Using marks from unconstitutional organizations
The use of symbols of unconstitutional organizations is an offense under German criminal law , which is regulated in Criminal Code (StGB). This state protection offense is an abstract endangering offense, that is, the offense is already fulfilled when the protected legal interest is endangered; a violation of the legal interest is not necessary. Protected legal interests here are the democratic rule of law and political peace. The aim is to prevent the impression that there is a development contrary to the rule of law , in which anti-constitutional efforts in the direction symbolized by the marks would be tolerated. The specific intention to support is not necessary.
Object of crime
The objects of crime can be characteristics of parties or associations listed in(1) No. 1, 2 and 4 StGB. The characteristics are u. a. Understand flags, badges, uniforms, slogans and forms of greeting ( (2) sentence 1 StGB).
Forbidden party marks
parties that have been banned by the Federal Constitutional Court and identifies their substitute organizations. This applies in particular to the symbols of the Socialist Reich Party , which, according to the judgment of the Federal Constitutional Court, saw itself as the successor organization to the NSDAP .Paragraph 1, No. 1 of the Criminal Code names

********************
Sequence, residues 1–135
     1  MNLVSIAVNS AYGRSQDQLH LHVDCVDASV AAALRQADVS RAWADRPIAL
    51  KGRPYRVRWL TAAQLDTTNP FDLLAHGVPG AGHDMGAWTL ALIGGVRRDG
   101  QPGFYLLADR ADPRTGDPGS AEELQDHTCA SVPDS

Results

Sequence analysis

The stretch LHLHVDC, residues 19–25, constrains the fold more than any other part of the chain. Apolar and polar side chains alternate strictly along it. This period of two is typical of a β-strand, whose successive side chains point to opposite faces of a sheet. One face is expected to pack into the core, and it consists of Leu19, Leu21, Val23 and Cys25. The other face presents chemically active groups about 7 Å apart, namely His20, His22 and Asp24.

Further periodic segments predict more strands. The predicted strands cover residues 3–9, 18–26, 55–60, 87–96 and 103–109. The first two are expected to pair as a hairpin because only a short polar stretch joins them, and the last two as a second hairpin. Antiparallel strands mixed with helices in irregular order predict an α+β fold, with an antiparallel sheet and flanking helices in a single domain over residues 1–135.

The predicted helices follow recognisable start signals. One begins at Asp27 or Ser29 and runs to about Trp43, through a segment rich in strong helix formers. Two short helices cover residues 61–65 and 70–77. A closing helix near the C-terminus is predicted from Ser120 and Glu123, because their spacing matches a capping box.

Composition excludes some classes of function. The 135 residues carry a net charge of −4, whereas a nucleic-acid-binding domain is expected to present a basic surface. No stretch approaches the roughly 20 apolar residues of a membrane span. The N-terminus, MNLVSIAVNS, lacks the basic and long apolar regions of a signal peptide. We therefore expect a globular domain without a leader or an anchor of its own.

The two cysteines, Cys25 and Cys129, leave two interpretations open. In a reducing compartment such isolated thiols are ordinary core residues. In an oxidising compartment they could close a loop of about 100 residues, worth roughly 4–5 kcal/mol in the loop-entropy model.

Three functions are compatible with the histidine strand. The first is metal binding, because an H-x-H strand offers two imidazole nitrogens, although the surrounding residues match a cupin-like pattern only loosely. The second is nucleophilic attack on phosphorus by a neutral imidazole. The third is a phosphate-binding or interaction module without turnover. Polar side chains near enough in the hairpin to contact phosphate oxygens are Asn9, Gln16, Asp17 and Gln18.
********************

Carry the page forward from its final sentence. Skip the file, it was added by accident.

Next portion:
Special cases are the Freedom German Workers' Party , which was classified as an association in the prohibition process, and the KPD , whose ban was later relativized but not lifted. Hammer and sickle were seen as hallmarks of the KPD (West) . But today the hammer and sickle no longer have any symbolic meaning directed at the KPD (West). Its successor organization, the German Communist Party , continues to bear hammer and sickle in the party logo.
Signs of prohibited associations
In VereinsG .(1) No. 2 StGB, associations are named that are incontestably forbidden because they are directed against the constitutional order or against the idea of international understanding. The same applies to their substitute organizations. The ban authority shall be governed by para. 2
Examples of such associations are, above all, former right-wing extremist organizations or those that have continued to exist illegally, such as the German Alternative , the Nationalist Front , the Wehrsportgruppe Hoffmann , the National Socialist / National Activist Action Front , the National Collection , the Wiking Youth , the Blood-and-Honor -Division Germany and Combat 18 .
Marks of former National Socialist organizations
The swastika , slogans such as “ Alles für Deutschland ”, “ Heil Hitler ”, “ Sieg Heil ”, “ Meine Ehre ist Treue ” or “ Mit deutschem Gruß ” are among the marks that are covered by the penal code Songs like the Horst-Wessel-Lied or " Our flag flutters us ahead ".1 no., Para. 4 of the Criminal Code aimed at the former Nazi organizations. In addition to symbols such as the
Confusingly similar marks
Through the Crime Combat Act of 1994, the listed marks were equated with those that could be confused with them ( Neo-Nazis had increasingly attracted attention with slightly modified symbols such as mirror-inverted or inverted swastikas. According to established case law, “confusingly similar” means that a “not particularly knowledgeable and not exactly scrutinizing” observer recognizes the typical characteristics of an original symbol. It does not matter whether the symbol in question is known or unknown.Paragraph 2, Sentence 2 of the Criminal Code).